At the end of the day, a "barn find" like you have here is almost always worth more than an amateur restoration. Proceed with extreme caution, or you could literally be throwing away both historical significance and money. Imagine you found an original and priceless ancient artifact. Would you try and 'restore' it yourself? Probably not, and while this situation isn't really that dramatic, I recommend approaching it sort of the same way.

Thank you for the words of advice. I have no intention of destroying any of the guitars original features, nor am I interested in a complete restoration. Your term of "preservation" fits perfectly with my intent. While I'm not a rookie when it comes to guitars, I'm intelligent enough to ask questions before proceeding with anything that might cause harm. No way in the world would I attempt a refret, but swapping out a set of tuners is a piece of cake. I intend on keeping this guitar and playing it for years, but as you can see from the pictures it is in desperate need of a deep cleaning. As for the rust, my primary concern is returning it to a playable condition while preserving its condition and historical significance since it is so close to an original guitar. As for what is needed to do that, the primary part will be elbow grease, care and restraint. Concerning parts, I need a vintage switch cap, an early 1964 serial plate, and a repro decal. As to the decal, knowing how that's a no-no to ask about around here, I can only hope that one of the members here sends me a PM with a good recommendation. Hopefully I can find a trusted seller who'll swap me an early 64 plate for the 68 plate along with a little cash.

Now for a question. What would be the best method of removing the rust from the pots? Since all the wiring appears to be original, I don't want to deal with unsoldering anything other than the input jack unless it's ABSOLUTELY necessary. I've got deoxit, contact cleaner and such, and all manner of brushes, cloths, and tools.
Last edited by robzila on Sat Jun 21, 2014 12:08 pm, edited 1 time in total.

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Re: New to the forum with a big project in front of me..1964

Post by Jazzmastervsjaguar » Sat Jun 21, 2014 12:08 pm

Wow what a find! Congratulations this guitar is amazing. I normally love a restored re-fined guitar when it comes to already re-finished guitars but on this one I would clean it up real good make it playable and leave it as is (maybe add a decal). It just looks killer! Plus tort and black are a classic combo that always looks good to me.

One thing I like to do when I clean up a guitar is to use your basic electrical cleaner on all of the electronics and all the chrome. I take everything apart and spray it on a paper towel or q-tip and rub down all of the chrome bits. The stuff is basically a de-greaser and will take a lot of rust build up off without leaving any extra residue like say something like wd40. It won't take off the rust completely and you'll still have the look of a barn find if that's what you're going for. But it will feel smooth and allow the moving parts to preform much better. I just did this to a recently acquired Mustang. There was a lot of build up on the cigar tube and the plate was very dull before cleaning. Anyway I don't have a before picture but here is a pic after to see what I mean:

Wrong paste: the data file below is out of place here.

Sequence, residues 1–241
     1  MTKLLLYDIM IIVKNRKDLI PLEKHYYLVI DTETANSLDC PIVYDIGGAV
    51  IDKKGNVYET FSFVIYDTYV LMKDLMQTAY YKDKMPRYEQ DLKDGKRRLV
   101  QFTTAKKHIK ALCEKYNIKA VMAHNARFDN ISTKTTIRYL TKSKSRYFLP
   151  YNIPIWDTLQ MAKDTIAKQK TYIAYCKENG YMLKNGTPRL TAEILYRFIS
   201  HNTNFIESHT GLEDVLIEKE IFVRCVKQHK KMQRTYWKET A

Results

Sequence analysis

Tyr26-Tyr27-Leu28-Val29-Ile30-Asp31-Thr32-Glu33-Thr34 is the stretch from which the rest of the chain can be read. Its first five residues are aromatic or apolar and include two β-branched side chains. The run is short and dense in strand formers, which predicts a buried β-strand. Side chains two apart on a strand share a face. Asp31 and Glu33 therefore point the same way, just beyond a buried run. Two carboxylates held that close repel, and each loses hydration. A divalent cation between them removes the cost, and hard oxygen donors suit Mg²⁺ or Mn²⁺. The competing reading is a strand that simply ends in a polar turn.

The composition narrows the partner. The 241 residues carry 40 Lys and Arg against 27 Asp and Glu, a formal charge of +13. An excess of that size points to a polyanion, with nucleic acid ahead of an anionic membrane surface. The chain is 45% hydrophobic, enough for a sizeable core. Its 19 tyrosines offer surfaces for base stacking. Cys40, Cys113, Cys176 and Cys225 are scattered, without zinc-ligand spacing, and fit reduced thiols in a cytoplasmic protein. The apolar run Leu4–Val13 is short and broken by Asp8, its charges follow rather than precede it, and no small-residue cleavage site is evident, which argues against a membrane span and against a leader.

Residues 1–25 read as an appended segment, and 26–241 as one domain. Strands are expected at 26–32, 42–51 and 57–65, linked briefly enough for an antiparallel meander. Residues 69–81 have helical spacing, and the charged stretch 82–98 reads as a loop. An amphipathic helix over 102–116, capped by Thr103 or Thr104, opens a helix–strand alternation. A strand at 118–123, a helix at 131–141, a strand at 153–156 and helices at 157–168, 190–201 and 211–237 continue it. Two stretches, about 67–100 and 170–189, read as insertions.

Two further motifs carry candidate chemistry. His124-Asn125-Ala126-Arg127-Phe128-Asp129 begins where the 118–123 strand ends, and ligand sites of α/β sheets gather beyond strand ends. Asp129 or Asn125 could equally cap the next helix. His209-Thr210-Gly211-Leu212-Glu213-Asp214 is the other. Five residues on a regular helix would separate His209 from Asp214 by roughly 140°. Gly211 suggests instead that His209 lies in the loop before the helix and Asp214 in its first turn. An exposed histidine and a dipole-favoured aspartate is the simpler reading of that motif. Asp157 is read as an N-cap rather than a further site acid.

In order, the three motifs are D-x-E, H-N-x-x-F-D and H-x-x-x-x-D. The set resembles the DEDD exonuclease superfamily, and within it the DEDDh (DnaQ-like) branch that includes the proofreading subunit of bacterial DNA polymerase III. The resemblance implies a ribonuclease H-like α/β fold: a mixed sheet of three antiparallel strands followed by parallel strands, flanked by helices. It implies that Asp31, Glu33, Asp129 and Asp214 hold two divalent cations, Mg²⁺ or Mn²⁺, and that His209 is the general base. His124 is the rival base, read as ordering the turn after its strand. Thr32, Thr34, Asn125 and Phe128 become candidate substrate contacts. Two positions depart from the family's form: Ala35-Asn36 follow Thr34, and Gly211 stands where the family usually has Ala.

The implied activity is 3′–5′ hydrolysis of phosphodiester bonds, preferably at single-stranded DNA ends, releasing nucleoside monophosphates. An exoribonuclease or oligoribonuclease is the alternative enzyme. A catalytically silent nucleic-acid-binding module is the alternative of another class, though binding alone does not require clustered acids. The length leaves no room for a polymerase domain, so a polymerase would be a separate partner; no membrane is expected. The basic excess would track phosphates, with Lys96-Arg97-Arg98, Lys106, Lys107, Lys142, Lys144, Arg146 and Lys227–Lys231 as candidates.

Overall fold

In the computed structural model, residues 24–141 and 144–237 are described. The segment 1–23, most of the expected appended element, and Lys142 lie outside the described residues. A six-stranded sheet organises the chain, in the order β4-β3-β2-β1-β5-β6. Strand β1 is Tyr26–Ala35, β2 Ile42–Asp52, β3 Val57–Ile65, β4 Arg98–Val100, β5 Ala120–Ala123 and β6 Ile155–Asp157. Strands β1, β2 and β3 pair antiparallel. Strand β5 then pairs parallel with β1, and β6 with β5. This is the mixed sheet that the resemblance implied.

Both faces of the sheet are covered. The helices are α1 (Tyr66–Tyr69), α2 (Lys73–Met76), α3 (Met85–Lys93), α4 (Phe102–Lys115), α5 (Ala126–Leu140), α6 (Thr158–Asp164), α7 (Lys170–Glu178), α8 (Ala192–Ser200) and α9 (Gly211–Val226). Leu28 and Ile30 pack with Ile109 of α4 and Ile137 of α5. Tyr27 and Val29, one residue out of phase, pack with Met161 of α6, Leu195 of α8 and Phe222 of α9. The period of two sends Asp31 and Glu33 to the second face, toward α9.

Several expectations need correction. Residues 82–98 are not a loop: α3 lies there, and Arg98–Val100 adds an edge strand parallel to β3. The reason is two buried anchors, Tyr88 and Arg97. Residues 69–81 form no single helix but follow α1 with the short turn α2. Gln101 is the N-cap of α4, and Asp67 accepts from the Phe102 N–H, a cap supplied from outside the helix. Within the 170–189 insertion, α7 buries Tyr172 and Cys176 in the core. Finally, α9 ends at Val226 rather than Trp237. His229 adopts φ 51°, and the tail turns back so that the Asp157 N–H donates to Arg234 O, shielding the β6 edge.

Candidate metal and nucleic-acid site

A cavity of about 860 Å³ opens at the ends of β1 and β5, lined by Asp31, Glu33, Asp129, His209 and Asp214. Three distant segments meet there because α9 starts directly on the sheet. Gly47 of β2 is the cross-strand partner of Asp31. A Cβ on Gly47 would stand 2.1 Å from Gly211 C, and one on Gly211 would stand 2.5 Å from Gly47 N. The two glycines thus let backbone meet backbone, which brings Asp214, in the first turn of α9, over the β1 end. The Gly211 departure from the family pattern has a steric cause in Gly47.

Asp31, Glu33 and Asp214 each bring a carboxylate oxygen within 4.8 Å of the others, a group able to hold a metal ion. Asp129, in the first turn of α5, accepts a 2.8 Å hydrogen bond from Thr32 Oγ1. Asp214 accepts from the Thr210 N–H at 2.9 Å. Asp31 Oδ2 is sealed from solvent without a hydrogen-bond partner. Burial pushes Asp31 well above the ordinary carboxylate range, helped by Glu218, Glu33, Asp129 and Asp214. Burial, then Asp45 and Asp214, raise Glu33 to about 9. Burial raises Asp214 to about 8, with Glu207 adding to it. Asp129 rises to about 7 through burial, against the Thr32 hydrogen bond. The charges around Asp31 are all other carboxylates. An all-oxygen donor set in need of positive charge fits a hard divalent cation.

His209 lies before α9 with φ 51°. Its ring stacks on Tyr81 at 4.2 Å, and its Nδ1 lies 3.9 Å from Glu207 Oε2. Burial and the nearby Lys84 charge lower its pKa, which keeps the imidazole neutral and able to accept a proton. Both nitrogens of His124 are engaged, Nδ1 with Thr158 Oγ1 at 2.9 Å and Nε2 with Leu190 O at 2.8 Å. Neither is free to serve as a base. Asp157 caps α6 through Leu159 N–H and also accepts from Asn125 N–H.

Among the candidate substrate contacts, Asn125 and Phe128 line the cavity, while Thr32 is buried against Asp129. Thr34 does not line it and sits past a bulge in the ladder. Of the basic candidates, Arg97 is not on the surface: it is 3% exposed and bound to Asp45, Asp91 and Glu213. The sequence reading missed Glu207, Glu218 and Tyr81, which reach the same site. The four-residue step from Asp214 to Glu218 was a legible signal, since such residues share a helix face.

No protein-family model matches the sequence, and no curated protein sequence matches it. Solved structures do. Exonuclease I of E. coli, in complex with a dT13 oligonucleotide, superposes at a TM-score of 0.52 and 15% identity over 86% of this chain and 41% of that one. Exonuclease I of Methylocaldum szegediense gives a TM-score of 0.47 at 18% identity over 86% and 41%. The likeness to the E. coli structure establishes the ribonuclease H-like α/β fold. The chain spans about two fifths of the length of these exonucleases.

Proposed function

Image

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Re: New to the forum with a big project in front of me..1964

Post by øøøøøøø » Sat Jun 21, 2014 9:12 pm

I would skip the Caig DeOxit and get some Electrolube EML.

This is a recent conversion for me, as I had always used DeOxit on switches and Caig Faderlube (F5) on pots.

Electrolube EML is a very good cleaner lubricant that's really safe and works super incredibly well, especially when shit is really far gone. I got into it when we were re-commissioning an older Neve console. Apparently, this is the only shit that should be anywhere near a Neve. I've become a convert on other stuff, too.

I would encourage you to use a cleaner/lubricant (as opposed to a cleaner like DeOxit) on pots. If you clean pots without lubricating, you could cause the aging carbon trace in the pot to wear prematurely and/or flake off (causing diminished performance and more noise/scratchiness over time).

Sounds like you've got your head on straight with this one. There is NO ethical dilemma about a repro decal in this case. It's an original guitar, and deserves an original-looking decal. You can also reach out to Fender themselves; they might be able to set you up with a proper decal, possibly even free of charge.

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Re: New to the forum with a big project in front of me..1964

Post by rrtxoso » Sun Jun 22, 2014 12:24 pm

The jaguap crosses to the other side of the street when it sees this guitar.
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Re: New to the forum with a big project in front of me..1964

Post by niemand » Sun Jun 22, 2014 12:25 pm

.
Last edited by niemand on Wed Feb 01, 2017 9:54 am, edited 1 time in total.

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Re: New to the forum with a big project in front of me..1964

Post by kosmonautmayhem » Sun Jun 22, 2014 12:37 pm

DocCarlson wrote:
rrtxoso wrote:The jaguap crosses to the other side of the street when it sees this guitar.


how dare you
I think this may actually be accurate. :ph34r:

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Re: New to the forum with a big project in front of me..1964

Post by niemand » Sun Jun 22, 2014 1:08 pm

.
Last edited by niemand on Wed Feb 01, 2017 9:54 am, edited 1 time in total.

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Re: New to the forum with a big project in front of me..1964

Post by 2fLAz » Mon Jun 23, 2014 7:08 am

bloody fainted !!!!
just clean the chrome bits, replace what's needed and RAWK IT !
Otherwise, I send you 600$ an dI would do it on your behalf :p